Does setting up a temporary technical "workers co-operative" in such
circumstances make you a dynamic "capitalist" - of course it doesn't. As one
tactic among others in struggle, a "workers co-operative" may sometimes be a
useful temporary means of resistance to a wave of impoverishment. It becomes
a problem when people make an obsession out of "co-ops" as a supposed
radical end in themselves. But workers co-ops will only be feeding into a
renewed capitalist production if a wider capitalist production has actually
successfully began to pick itself up and renew itself. Whatever visible
organised forms might still be temporarily thrown up in industrial struggle
these days, whether it is radical co-ops or collectives or union base
committees or councils, they are never perfect or instantly "communism". But
it isn't good enough to instantly dismiss them as purely "capitalist"
     Contemporaneous parallel histories: We are living under pre-capital,
capital and post-capital all at the same time.

Are humans "social beings"? Or are they something subtly different;
individual beings that practise social behaviour most of the time? While a
lot of our "individuality" might come from our social interaction, not all
of it has to. There is already the physical sentient animal individual with
unique awareness, unique pain, unique pleasure etc. But also, part of the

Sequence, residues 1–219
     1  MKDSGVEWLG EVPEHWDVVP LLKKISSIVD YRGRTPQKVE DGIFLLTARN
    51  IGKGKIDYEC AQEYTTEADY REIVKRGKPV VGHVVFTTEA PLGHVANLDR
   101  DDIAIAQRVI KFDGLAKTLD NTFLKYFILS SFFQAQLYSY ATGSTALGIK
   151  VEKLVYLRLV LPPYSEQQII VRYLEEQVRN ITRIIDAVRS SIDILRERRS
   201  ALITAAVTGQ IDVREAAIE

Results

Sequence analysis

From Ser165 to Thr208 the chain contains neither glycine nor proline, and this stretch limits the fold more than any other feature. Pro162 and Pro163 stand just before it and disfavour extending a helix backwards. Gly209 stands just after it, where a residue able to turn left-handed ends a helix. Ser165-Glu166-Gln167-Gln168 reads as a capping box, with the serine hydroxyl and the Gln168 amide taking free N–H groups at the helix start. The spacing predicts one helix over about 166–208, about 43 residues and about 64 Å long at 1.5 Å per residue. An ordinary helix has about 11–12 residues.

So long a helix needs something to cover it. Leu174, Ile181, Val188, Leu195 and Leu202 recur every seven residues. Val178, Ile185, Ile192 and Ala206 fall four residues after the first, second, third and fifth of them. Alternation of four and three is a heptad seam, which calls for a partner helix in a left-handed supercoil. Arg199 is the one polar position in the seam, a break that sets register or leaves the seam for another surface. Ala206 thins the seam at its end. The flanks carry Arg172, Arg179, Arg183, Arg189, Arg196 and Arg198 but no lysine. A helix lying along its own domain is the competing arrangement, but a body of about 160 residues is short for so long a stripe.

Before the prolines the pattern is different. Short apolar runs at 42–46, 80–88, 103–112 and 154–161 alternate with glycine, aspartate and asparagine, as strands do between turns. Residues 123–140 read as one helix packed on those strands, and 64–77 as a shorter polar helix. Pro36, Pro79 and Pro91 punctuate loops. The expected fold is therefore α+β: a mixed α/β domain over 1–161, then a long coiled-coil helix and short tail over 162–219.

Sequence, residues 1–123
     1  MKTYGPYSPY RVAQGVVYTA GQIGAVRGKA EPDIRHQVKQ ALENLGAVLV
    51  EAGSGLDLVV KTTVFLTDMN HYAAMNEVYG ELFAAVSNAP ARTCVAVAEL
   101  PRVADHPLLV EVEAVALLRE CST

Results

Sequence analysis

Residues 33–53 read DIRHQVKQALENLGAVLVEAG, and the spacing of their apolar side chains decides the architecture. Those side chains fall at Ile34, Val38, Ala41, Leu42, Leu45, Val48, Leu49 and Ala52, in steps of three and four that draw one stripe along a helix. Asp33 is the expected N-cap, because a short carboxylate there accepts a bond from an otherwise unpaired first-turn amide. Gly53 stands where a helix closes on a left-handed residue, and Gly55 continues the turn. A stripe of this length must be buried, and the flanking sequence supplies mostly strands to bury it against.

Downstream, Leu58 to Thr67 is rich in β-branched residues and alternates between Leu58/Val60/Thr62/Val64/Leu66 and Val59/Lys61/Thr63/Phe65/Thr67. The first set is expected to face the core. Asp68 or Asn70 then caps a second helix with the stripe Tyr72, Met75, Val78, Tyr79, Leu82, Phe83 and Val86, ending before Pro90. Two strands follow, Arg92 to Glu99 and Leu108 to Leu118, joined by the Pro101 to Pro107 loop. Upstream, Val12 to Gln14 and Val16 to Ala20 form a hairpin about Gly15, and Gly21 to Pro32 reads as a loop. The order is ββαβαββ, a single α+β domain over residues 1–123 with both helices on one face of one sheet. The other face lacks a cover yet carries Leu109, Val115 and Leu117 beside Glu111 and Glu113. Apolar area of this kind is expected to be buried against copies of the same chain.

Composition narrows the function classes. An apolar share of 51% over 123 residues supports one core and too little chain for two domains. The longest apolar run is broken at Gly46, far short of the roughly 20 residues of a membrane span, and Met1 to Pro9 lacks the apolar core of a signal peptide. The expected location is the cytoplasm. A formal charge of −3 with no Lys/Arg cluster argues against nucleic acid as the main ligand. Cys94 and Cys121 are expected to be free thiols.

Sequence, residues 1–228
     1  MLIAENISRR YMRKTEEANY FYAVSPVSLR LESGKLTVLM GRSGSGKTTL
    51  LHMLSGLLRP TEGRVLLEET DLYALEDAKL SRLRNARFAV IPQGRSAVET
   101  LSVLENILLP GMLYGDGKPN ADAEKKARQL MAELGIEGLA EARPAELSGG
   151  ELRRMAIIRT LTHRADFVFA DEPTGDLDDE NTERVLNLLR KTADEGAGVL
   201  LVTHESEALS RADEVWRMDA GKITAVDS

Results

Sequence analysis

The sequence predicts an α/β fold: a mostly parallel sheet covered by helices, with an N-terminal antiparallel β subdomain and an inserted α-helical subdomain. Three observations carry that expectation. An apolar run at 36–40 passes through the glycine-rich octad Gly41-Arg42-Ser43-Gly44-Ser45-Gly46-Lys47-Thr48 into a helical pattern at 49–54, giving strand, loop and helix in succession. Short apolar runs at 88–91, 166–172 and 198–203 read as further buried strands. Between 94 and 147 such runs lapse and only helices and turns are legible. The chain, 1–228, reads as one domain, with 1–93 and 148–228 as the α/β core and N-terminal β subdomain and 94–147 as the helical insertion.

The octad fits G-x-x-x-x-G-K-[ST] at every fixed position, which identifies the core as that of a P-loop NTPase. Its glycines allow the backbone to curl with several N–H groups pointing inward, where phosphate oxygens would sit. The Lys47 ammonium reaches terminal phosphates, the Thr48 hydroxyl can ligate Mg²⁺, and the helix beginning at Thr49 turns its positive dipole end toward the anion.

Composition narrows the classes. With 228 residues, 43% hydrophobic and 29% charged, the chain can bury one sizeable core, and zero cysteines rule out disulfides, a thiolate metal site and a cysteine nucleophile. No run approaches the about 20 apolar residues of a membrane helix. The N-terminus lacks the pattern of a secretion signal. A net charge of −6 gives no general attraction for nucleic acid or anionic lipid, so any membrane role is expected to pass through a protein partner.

social individual becomes autonomous from and extraneous to the social. It
projects and asserts itself beyond the social.
     One can always play the linguistic trick of insisting that everything
in human life is social because we can talk about it in social discourse.
But just because social discourse can talk about the unique it doesn't
necessarily make the unique totally dependent on social discourse. I can
still have unique awareness, sentience, feelings and so on, and engage in
independent individual productive and creative activity, regardless of
whether I talk about them or share them with others or not.
     The social aspect of my life may be a big and important part of my life
but it is not the total whole of my life, nor do I have to subordinate the
whole of my life to it. The unique individual is not merely an inconvenient
piece of fluff in an otherwise total social relation or total social
machine. We are not just useless pieces of dust waiting for a vulgar
marxism, for instance, to come along and sweep us under a collectivist
sociological carpet.

It may be part of a supposed  "capitalism's" own mythology to be heterodox
not orthodox. But it is also the mythological orthodoxy of many of the
heterodox collection of ultra-lefties, ultra-marxists, post-situs and
friends to tend to see everything and anything all the time everywhere as
uniformly just one thing; "Capitalism". But isn't this a bit of a mystical
and moody way of viewing the world? Like some paranoid form of buddhism?